All of them, those in power, and those who want the power, would pamper us, if we agreed to overlook their crookedness by wilfully restricting our activities.
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SACRAMENTO (AP) — About 500 protesters went to the Capitol yesterday to demand exemption of churches from punitive damages in lawsuits.
The Church of Scientology members and sympathizers sang songs from the 1960s black freedom protests in the South as they arrived in port after a 120-mile trip from San Francisco. A 78-foot sailing ship and others in the 30-vessel armada sported banners like, "The Sun Never Sets on Scientology."
Clad in T-shirts proclaiming the effort a "Religious Freedom Crusade," they marched six abreast for a mile through central Sacramento chanting, "Religious Freedom Now," and waving placards such as, "Your Church Could Be Next."
At the Capitol, the Rev. Ken Hoden of the Los Angeles Church of Scientology told demonstrators: "We're here at the seat of government to tell them we want to be free, as they are, from the fear of punishment (through court-awarded punitive damages)."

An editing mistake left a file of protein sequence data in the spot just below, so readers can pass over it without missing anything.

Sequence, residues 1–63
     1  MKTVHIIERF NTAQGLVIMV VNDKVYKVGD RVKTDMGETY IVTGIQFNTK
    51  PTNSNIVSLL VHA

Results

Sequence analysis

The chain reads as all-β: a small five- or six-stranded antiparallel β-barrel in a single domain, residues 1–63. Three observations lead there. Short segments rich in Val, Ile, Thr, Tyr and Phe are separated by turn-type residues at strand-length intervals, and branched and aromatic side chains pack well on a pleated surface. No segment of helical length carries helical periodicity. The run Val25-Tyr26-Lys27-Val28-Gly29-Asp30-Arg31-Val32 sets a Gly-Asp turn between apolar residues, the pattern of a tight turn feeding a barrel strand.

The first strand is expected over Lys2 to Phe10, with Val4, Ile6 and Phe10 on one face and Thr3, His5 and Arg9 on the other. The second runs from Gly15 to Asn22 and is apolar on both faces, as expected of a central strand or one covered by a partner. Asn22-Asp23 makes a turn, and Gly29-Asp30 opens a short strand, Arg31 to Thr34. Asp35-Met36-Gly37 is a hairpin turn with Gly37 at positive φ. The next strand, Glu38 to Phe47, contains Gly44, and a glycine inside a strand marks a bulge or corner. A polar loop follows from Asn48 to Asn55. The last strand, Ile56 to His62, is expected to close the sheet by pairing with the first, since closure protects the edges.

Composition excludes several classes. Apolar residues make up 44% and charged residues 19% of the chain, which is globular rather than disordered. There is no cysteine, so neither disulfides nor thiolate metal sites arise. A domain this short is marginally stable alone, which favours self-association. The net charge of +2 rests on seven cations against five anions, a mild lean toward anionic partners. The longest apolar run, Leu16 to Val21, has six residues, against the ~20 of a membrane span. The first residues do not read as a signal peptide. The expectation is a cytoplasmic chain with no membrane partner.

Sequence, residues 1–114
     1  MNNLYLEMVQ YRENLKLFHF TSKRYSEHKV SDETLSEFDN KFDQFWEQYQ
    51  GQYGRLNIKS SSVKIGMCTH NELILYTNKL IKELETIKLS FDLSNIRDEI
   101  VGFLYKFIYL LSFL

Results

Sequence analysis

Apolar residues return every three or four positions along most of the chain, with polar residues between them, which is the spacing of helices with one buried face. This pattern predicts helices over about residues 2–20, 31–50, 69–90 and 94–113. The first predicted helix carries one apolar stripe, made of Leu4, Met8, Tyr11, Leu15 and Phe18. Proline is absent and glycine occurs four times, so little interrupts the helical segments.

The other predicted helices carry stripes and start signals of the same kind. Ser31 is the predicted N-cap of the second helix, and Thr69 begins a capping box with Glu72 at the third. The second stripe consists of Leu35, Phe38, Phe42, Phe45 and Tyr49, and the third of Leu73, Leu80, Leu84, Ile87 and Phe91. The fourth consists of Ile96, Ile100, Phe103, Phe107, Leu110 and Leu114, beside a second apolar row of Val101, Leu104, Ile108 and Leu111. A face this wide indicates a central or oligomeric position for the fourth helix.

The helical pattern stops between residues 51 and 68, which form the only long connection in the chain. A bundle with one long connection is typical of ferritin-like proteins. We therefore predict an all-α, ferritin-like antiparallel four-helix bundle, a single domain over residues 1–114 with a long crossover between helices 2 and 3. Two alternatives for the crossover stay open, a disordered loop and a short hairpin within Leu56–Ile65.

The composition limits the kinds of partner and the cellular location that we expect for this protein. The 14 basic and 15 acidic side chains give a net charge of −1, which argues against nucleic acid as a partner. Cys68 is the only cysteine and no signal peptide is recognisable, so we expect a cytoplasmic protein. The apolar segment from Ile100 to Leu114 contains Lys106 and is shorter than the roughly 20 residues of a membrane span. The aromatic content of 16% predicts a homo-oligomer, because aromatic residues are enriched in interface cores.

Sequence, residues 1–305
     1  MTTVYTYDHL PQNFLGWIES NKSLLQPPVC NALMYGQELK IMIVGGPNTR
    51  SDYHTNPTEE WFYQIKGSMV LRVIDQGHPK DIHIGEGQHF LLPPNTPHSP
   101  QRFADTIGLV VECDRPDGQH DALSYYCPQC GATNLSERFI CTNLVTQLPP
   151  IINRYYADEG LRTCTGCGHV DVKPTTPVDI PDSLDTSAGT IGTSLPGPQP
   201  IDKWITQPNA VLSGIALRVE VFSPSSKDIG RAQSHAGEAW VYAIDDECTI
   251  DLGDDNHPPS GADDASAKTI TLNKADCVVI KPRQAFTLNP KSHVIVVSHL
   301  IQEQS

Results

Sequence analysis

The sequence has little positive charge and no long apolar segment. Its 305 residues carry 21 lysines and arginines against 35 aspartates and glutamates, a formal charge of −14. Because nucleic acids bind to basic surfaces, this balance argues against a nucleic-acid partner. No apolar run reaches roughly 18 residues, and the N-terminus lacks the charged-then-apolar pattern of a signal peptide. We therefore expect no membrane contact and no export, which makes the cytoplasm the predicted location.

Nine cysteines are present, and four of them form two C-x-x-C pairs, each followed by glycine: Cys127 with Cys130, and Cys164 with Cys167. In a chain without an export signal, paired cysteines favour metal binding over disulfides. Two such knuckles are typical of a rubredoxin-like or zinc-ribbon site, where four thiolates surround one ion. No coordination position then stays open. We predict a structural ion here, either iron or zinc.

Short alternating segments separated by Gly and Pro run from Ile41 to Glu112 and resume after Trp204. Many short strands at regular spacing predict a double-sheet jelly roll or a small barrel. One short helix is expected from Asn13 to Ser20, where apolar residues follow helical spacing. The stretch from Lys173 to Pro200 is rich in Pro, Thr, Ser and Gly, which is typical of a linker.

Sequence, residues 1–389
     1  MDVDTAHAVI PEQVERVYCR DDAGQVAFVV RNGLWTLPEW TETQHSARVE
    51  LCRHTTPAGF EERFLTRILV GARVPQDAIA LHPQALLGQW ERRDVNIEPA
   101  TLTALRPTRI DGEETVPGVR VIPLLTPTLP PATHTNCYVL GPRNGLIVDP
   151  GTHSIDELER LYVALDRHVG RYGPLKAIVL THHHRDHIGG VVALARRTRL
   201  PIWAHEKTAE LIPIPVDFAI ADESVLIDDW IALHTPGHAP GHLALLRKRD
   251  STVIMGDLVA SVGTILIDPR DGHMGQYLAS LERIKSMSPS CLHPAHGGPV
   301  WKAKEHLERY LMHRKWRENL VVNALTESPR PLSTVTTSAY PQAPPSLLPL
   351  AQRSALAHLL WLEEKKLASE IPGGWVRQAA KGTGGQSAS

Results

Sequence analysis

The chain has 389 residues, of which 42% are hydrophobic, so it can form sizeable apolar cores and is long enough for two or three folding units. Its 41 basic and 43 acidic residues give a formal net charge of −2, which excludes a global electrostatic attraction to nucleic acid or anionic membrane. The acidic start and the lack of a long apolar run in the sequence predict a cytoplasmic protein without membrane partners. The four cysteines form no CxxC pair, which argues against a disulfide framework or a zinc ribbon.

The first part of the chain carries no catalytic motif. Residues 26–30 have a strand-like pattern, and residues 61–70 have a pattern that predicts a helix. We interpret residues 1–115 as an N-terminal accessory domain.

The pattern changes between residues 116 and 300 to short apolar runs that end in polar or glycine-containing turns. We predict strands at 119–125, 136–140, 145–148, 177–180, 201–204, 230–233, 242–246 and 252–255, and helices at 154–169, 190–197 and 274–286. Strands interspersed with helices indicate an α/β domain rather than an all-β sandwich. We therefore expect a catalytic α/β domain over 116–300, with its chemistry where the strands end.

Hoden, who is president of the California section of the Church of Scientology, told reporters the protest was prompted by a Los Angeles Superior Court case involving a former member who sued, claiming he did not receive the organization's benefits as promised and that it had interfered with his business.
The jury voted a $30 million damage award, $25 million of which was punitive. The organization is appealing the verdict.
Hoden said the Capitol rally, and previous demonstrations this week in San Francisco and other California cities, kicked off a campaign to win passage of a state Senate measure next year that would exempt organized religions from punitive damages.
State Sen. John Doolitte told reporters he plans to introduce the measure, but acknowledged that a bill to that effect died this year in the state Legislature.
The Citrus Heights Republican told protesters that legislation is needed to prevent the dampening effect on religion caused by punitive damage awards and potential assessments on individual church-goers.
"The fear could cause people to think twice before joining a church," he said.
Clergy from several faiths, other states and other countries joined the demonstration because, they said, their churches share the same concerns. Faiths represented included Baptist, Lutheran and Seventh-day Adventist.
[Picture / Caption: Flotilla of 30 boats carrying Scientologists and their supporters arrives in Sacramento before protest rally at Capitol.]